San Diego water officials were dealt a major legal loss Wednesday that could leave local water customers on the hook for billions of dollars over the next several decades. For years, San Diego water officials have argued that the region’s major supplier of water, the Metropolitan Water District of Southern California, has been charging too much to deliver water to San Diego from the Colorado River. But on Wednesday, an appellate court found that San Diego water customers are, by and large, only being asked to pay their fair share to use a statewide water delivery system.
Archive for date: June 22nd, 2017
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Damages awarded to the San Diego County Water Authority in a long-running legal dispute over rates need to be recalculated, a panel of state appellate justices ruled Wednesday. The ruling by the three-judge panel of the 1st District Court of Appeal in San Francisco amounted to a split decision for the Water Authority, which sued the Metropolitan Water District of Southern California multiple times over the amount it charged the SDCWA to transport imported water from the Colorado River.
Water agencies in Colorado are singing the praises of a bill passed Thursday in the U.S. House of Representatives that would streamline the permitting process for major water projects.H.B. 1654, introduced in April by Rep. Tom McClintock, R-Calif., would make establish the federal Bureau of Reclamation as the lead agency for permitting water storage projects and coordinate the interests of all federal agencies in the permitting process. It also would coordinate information among federal, state and local governments to reduce redundant requirements in the process.
Arizona risks losing water rights because of a lingering, nearly two-decade long drought in the Colorado River that could restrict water use ranging from farmers’ crops to how many households receive water, state water experts say. Calcium rings around Lake Mead tell the story of declining water levels, with cream markings permanently decorating the canyon walls that shows high levels that haven’t been seen since 1983. Current surface elevation is at 1,081 feet. If it drops another six feet, water to Arizona will likely be cut, according to an Arizona budget document.
While winter rains have refilled California reservoirs and dumped near-record snow on the mountains, communities across the state are wisely seeking ways reduce their vulnerability to future droughts. One option some are considering is seawater desalination. Tapping the vast ocean seems like a promising solution, and proponents often tout Australia and Israel, which have adopted this technology. We agree that California should look at experiences in other parts of the world. But we need to have all the facts and make the right decisions for our communities.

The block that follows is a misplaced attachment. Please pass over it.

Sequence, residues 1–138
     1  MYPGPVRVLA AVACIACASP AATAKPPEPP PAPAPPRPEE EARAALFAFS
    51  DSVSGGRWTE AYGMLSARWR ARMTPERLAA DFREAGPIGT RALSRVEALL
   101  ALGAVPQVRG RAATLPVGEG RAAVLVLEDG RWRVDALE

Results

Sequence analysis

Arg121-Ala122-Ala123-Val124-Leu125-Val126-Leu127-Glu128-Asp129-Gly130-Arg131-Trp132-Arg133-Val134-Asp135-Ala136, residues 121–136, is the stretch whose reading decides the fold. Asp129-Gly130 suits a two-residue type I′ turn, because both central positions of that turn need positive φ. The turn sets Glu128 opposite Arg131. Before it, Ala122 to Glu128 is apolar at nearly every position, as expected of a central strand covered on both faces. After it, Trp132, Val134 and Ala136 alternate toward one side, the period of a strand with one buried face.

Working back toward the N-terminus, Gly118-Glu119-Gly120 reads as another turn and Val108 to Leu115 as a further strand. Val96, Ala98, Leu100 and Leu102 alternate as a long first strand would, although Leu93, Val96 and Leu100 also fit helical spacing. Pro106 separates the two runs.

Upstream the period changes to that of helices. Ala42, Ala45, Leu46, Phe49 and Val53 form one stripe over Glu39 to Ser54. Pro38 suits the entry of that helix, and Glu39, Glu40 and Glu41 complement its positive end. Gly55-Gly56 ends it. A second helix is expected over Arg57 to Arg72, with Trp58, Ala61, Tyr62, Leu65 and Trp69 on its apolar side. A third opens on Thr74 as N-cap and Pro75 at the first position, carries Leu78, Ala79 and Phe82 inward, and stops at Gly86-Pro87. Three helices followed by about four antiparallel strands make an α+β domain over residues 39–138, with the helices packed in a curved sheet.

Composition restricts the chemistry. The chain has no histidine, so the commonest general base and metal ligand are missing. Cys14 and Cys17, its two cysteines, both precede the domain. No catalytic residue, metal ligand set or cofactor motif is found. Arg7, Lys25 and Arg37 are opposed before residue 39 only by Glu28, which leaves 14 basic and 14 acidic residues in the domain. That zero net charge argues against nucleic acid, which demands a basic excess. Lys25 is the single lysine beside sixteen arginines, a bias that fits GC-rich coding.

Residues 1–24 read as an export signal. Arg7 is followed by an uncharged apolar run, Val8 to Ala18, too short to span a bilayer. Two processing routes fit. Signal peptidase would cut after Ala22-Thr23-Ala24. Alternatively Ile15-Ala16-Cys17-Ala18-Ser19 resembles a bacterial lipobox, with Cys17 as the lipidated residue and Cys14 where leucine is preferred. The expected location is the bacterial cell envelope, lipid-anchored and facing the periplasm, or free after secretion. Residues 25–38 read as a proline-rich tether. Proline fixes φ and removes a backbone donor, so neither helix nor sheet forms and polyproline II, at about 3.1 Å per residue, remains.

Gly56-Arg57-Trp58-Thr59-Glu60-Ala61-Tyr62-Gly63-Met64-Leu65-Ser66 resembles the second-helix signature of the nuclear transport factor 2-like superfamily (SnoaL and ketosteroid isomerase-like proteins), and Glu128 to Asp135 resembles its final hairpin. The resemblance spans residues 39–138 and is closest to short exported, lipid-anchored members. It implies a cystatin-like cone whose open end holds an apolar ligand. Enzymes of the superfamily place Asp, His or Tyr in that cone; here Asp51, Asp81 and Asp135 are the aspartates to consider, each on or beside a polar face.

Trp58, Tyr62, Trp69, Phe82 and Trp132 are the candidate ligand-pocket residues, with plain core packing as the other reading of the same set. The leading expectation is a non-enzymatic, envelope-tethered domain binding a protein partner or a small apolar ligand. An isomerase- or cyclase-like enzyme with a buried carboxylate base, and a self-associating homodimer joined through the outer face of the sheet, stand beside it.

Despite cutting their water use by nearly 30 percent over the past nine years, Padre Dam Water District customers were hit with another five years of higher rates by its board, which voted unanimously June 21 to trigger the new charges starting Nov. 1. At a required public hearing explaining the reasons behind the rate increase, five of about 30 residents attending the meeting spoke out against the proposal.
The next time San Diegans face a proposed water rate increase, the City Council will be getting a second professional opinion about whether the increase is necessary and how large it should be. The change comes after the city approved in late 2015 a series of rate increases totaling nearly 40 percent over four years, including a 6.4 percent hike that will take effect July 1.
The final round of tests in San Diego Unified School District found no schools other than ones that were previously detected had high levels of lead in drinking fountains and faucets, district officials said Thursday. The City of San Diego began testing water at school sites in March, and drinking fountains at Co-Operative Charter School 2 and Emerson-Bandini School were found to have twice the acceptable lead level set by the state. The two Southcrest schools share the same campus.
A legal ruling that San Diego County water officials said would save customers here up to $7 billion has been overturned. A California appellate court on Wednesday partially reversed a 2015 trial court ruling that awarded the San Diego County Water Authority $234 million in alleged overcharges, interest and legal fees to be paid by longtime legal foes at the Los Angeles-based regional agency known as MWD, or the Metropolitan Water District of Southern California.
The San Diego County Water Authority announced Thursday its board had adopted a $1.58 billion budget, which included a 3.7 percent increase in water rates to it’s 24 member agencies. The Water Authority said the rate increase, which it claimed is among the smallest in the past decade, will be passed on to customers at an amount determined by the individual agencies. For example the amount of the increase passed on to Helix Water District customers may be different than those passed on to customers of the city of San Diego.